Thoughts on the Symposium at the U.N.: Towards Preventing Genocide

The Symposium today at the United Nations entitled, Towards Preventing Genocide, Nations Acknowledging their Dark History: Transforming Denial, was well-attended and most interesting. Kudos to Dr. Ani Kalayjian, coordinator, the speakers, sponsors, all involved in organizing the conference, and the young student winners of the Krieger Essay Contest.

Some thoughts to walk away with:

  •  History despite its wrenching pain cannot be unlived…

(however)…if faced with courage, need not be lived again.

–Maya Angelou

  •  Prevention is the best cure.
  •  Aspire towards inclusivity, resilience, and responsibility.

Explanations put forth re genocides:

  •  Denial: it never happened. Hammer this away long enough and often enough and people wonder and question, “did it ever happen?”
  •  And when it did happen and denial doesn’t cut it, the justification is: “they deserved it.”

Perhaps the biggest highlight for me was the big surprise when Ani acknowledged some people in the audience and said, “Father Gergerian.” I immediately thought about a Dr. Gergerian I had known decades ago. She asked him to stand up, and I turned towards my left and saw a man rise right behind me and one seat to my left. I looked up and immediately recognized the face. My eyes caught his and he smiled at me. Sure enough, it was Edmund Gergerian, the psychiatrist on the Secure Care Unit I ran at Kingsboro Psychiatric Center. I had not seen him since I left KPC in 1985. Fate could not have planned it better: right behind me, one seat away. We caught up a bit after the conference and plan to get together. After all these years, he has an office not too far from my Queens office.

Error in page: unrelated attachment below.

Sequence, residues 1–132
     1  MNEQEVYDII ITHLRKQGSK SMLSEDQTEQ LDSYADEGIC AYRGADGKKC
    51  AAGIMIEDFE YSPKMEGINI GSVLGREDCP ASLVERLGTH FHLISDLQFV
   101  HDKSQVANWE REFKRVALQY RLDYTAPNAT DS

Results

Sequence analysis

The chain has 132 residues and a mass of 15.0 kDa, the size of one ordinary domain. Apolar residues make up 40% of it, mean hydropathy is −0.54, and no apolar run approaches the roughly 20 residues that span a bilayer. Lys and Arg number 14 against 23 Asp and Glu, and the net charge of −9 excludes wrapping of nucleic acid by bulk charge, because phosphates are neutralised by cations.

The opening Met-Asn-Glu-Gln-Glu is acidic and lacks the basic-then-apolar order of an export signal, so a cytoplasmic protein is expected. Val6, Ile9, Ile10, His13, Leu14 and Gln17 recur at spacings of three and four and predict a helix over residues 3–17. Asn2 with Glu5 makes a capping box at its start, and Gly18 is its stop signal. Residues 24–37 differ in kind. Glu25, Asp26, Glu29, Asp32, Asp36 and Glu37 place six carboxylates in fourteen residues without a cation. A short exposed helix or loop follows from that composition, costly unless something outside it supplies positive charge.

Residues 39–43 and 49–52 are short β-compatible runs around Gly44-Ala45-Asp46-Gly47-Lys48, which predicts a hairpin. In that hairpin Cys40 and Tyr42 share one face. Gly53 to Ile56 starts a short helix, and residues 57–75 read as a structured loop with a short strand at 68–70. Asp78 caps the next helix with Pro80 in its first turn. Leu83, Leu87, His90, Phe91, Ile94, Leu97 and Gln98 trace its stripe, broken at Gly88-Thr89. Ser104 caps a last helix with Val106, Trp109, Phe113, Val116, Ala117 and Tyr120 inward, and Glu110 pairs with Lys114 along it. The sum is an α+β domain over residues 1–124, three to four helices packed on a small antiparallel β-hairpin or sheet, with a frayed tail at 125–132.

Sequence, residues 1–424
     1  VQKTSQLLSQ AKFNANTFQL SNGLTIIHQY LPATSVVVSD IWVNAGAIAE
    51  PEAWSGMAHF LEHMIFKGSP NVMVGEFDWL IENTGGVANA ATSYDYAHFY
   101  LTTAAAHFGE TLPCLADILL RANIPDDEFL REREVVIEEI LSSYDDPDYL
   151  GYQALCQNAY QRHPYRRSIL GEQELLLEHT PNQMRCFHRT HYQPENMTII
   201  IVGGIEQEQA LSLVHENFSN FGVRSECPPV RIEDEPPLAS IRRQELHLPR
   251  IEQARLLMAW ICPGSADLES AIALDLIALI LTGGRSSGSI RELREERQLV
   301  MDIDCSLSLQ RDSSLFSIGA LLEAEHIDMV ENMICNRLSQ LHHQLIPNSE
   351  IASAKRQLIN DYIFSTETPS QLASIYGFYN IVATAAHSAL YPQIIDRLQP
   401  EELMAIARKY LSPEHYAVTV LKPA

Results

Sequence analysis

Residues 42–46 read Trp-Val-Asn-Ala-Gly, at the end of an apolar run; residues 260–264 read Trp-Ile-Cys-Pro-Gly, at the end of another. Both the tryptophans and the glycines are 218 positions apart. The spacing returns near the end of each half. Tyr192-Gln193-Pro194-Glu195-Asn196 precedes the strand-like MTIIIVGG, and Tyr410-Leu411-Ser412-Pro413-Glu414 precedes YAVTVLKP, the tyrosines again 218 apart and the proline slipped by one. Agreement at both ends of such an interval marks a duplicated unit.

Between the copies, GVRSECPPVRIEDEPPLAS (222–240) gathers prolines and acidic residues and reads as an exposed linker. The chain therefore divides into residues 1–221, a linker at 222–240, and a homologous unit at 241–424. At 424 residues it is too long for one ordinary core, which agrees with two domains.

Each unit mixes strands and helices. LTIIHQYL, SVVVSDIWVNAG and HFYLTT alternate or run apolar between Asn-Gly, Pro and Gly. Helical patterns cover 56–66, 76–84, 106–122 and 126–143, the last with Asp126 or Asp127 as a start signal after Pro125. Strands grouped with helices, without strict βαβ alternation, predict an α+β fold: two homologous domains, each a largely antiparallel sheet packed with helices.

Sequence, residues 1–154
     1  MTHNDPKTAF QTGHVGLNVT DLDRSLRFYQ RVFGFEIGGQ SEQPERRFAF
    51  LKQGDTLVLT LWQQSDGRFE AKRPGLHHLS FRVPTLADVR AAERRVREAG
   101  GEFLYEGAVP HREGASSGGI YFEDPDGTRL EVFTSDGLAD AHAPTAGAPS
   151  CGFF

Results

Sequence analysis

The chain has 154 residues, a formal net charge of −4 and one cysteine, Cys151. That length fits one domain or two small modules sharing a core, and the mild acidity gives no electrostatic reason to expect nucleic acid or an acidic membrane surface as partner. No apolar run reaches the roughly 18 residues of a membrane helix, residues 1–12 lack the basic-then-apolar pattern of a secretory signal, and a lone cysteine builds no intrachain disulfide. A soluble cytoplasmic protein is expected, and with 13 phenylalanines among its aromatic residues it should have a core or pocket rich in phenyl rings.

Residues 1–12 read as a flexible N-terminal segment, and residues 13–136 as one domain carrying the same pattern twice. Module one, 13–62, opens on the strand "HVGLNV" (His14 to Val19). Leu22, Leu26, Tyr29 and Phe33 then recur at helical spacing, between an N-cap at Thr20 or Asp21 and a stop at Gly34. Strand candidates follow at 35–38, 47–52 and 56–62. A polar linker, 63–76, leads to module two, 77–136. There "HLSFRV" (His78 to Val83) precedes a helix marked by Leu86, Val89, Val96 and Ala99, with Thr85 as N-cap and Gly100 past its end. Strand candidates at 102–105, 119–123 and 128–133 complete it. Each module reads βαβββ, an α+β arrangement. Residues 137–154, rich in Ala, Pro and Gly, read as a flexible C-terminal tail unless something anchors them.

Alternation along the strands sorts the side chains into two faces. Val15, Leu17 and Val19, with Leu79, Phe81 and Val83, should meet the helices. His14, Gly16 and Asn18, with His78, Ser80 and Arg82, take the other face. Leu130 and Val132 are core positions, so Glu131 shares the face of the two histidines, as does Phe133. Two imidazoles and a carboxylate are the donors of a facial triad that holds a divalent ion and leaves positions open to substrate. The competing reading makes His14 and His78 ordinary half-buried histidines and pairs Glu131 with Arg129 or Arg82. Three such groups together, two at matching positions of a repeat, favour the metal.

As it turns out, Dr. Gergerian established the Krieger award:

…in memory of his late uncle, Father Krikor Guerguerian, aka Krieger. Born in 1911 in Gurin, Sebastia, Turkey, Father Guerguerian was the tenth child of a prosperous Armenian Catholic family, whose ancestors originated from Gargar, a fortress-city dating from the time of the Crusaders. He survived one of the forced death marches, which ended in Syria. He witnessed the murder of his parents as a child, was taken as an orphan to Damascus, Syria, and then moved to Lebanon in 1916.

Krieger’s own near death experiences compelled him to devote his life to gathering documentary evidence: on the Ottoman Turkish Genocide of the Armenians.

I suppose some things are just meant to be.



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